I love my rain jacket. This is the best thing I packed for the world tour.
I spent three days up in the St. Elena just outside of the Monteverde Cloud Forest where when they say ‘rainy season,’ they really mean it.
The actual town of Monteverde (Green Mountain) was founded in the 1950s by some Quakers who’d left the United States to avoid a constant fear of war and an obligation to the military and the taxes that supported it. Ironically for me, my hometown of Randolph, New Jersey was also founded by Quakers. I even grew up right off of “Quaker Church Road.” But, oddly, I don’t think I’ve ever even met a Quaker…or at least if I ever did, I didn’t know it. Side note: they are actually named Quakers because in their religion they meditate in a way that actually makes them tremble or “quake.”
Cloud forests are the same as rainforests, except they exist only high atop mountain slopes. The warm, moist ocean air is swept up the mountain forming clouds which give moisture to the abundant plant life.
I took an excellent (and very wet) guided tour of the Cloud Forest given by Vernal, a very knowledgeable and excited young guide.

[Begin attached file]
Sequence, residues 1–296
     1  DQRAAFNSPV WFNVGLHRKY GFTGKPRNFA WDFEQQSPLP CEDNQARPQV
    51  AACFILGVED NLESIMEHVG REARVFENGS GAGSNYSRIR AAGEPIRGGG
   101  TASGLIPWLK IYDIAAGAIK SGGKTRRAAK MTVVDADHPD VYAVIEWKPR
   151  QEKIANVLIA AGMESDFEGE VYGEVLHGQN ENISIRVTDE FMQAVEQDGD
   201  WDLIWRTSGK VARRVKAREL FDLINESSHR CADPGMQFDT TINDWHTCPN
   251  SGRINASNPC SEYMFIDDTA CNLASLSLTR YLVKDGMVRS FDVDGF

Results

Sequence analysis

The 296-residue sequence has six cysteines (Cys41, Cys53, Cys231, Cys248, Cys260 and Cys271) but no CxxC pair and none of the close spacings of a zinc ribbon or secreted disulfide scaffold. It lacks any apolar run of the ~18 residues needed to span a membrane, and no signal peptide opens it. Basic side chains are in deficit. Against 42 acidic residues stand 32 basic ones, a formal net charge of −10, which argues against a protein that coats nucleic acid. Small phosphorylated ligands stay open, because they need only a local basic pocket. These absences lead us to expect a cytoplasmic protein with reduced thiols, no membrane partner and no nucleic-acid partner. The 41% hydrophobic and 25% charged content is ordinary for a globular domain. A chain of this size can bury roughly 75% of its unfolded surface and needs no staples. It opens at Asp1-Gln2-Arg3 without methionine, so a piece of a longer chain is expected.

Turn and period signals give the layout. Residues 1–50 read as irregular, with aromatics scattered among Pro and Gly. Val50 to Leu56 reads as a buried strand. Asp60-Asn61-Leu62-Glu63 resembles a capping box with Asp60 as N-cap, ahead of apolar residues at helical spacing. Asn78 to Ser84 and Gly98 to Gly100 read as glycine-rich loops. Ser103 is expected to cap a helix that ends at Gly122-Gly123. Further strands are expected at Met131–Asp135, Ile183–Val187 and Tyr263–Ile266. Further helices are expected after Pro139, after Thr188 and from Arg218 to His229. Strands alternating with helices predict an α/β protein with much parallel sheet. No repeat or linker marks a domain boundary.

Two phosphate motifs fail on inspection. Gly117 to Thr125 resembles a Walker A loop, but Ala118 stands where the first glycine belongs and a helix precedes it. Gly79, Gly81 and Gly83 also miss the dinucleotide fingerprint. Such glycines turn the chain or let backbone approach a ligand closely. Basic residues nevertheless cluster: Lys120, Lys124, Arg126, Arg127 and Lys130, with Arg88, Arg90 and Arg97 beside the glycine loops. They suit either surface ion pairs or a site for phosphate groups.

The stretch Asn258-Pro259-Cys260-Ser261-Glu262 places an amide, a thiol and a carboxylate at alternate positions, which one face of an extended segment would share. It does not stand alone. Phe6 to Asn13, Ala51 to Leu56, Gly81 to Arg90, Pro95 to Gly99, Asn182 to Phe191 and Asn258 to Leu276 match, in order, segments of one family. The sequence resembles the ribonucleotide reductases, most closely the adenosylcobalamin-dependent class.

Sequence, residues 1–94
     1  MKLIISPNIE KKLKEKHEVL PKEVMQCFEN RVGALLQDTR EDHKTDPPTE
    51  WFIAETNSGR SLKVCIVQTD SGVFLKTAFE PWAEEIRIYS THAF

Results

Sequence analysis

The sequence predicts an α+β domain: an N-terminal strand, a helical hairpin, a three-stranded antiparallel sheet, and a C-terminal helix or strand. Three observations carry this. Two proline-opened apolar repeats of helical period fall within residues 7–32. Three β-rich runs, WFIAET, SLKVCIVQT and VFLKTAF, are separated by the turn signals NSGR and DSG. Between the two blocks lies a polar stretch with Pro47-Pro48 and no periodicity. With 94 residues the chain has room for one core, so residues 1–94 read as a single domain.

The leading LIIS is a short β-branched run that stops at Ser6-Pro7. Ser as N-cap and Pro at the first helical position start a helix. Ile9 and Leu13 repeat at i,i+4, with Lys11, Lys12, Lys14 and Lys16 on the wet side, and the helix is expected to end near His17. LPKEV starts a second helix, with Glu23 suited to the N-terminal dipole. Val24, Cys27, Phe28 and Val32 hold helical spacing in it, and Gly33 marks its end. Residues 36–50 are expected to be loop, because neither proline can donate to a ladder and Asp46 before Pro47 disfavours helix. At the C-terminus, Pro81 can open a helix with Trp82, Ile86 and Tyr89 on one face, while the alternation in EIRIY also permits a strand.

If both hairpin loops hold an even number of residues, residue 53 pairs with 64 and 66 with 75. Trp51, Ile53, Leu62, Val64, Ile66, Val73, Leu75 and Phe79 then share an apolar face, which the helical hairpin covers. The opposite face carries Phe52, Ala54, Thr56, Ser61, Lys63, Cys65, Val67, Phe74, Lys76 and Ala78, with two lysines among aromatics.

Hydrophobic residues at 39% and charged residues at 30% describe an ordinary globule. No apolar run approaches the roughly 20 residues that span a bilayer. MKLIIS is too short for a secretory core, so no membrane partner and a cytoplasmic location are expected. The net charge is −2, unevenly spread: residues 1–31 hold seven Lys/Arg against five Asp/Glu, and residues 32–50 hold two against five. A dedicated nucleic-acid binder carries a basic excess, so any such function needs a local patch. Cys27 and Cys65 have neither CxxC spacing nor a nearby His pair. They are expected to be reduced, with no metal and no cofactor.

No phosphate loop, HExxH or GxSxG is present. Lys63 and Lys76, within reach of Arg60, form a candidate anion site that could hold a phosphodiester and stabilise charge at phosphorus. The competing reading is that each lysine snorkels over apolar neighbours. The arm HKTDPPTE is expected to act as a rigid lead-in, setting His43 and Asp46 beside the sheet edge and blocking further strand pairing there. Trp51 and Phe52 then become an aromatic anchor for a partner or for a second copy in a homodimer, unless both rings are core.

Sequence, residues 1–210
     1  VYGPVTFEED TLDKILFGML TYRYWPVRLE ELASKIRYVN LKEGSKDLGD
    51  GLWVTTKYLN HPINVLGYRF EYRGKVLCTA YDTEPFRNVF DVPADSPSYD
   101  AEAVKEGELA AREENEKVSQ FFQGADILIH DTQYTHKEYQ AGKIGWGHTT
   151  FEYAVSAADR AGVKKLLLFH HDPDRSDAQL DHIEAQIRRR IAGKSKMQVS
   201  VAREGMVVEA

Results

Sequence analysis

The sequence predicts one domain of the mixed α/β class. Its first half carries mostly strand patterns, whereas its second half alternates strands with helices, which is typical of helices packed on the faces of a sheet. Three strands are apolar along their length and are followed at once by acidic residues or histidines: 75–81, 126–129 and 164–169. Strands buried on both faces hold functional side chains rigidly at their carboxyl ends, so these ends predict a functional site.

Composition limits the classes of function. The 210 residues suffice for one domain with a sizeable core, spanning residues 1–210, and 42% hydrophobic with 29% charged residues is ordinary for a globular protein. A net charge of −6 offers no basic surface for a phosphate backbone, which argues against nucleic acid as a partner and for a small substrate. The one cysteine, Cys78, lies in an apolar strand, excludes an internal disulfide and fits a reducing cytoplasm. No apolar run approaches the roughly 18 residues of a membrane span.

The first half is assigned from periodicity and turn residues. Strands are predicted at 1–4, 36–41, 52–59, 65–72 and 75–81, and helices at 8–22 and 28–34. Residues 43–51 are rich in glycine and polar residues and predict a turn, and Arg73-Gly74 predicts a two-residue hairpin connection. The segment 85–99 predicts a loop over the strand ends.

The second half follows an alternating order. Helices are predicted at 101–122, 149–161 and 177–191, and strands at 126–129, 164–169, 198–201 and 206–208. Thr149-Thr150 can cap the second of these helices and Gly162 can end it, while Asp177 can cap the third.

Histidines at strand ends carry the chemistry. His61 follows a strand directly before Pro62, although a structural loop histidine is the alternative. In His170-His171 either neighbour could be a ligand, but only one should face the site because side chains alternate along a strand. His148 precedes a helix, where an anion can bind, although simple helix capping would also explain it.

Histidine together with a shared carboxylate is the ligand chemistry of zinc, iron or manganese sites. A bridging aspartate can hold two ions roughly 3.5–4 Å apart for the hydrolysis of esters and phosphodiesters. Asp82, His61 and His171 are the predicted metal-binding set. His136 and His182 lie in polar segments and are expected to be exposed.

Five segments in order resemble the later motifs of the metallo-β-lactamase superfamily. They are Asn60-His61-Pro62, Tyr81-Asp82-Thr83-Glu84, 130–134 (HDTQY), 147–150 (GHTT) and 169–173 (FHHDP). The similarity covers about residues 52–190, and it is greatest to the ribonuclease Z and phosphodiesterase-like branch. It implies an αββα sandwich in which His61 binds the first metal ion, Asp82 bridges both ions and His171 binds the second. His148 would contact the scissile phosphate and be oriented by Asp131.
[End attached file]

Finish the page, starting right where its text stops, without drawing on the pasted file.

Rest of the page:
Here are some amazing stats on Monteverde Cloud Forest:
- 2500 different types of plants, including 350 types of ferns alone
- 1000 Epiphytes (plants that grow on the branches of forest trees—ferns, orchids, bromeliads)
- 400 species of birds
- 100 different species of animals
This was truly a great example of nature at its finest. It was so lush and so full and most of the life was up above in the canopy of all the trees where the sun could get through.
On our tour we saw a multitude of plant life—ferns, orchids, huge fig trees. Animals were a little harder to spot but we saw a ‘walking stick’ insect, a praying mantis, a poisonous viper snake (thankfully far away and only viewed through Vernal’s scope), hummingbirds, a fox, howler monkeys, and even the very elusive and endangered Quetzal bird.
Another guide mentioned to Vernal that he’d spotted the bird. Suddenly, Vernal scampered up the wet trail with the rest of us huffing and puffing in tow. He plopped down his high powered scope and with hundreds of trees and branches in his view, he spotted the bird within thirty seconds. These guides were amazing. They knew the forest well and knew exactly what to look for—certain torn branches, rustling (although with rain pelting everything this seemed impossible), and the areas where certain animals had been spotted before. The Quetzal was once revered by Pre-Columbian peoples of this region. It is a stunning green and in mating season, the males sport two very long ‘tail feathers.’ Sadly, today their habitat has diminished and in turn so has their numbers, but thanks to newer conservation efforts—things are turning around.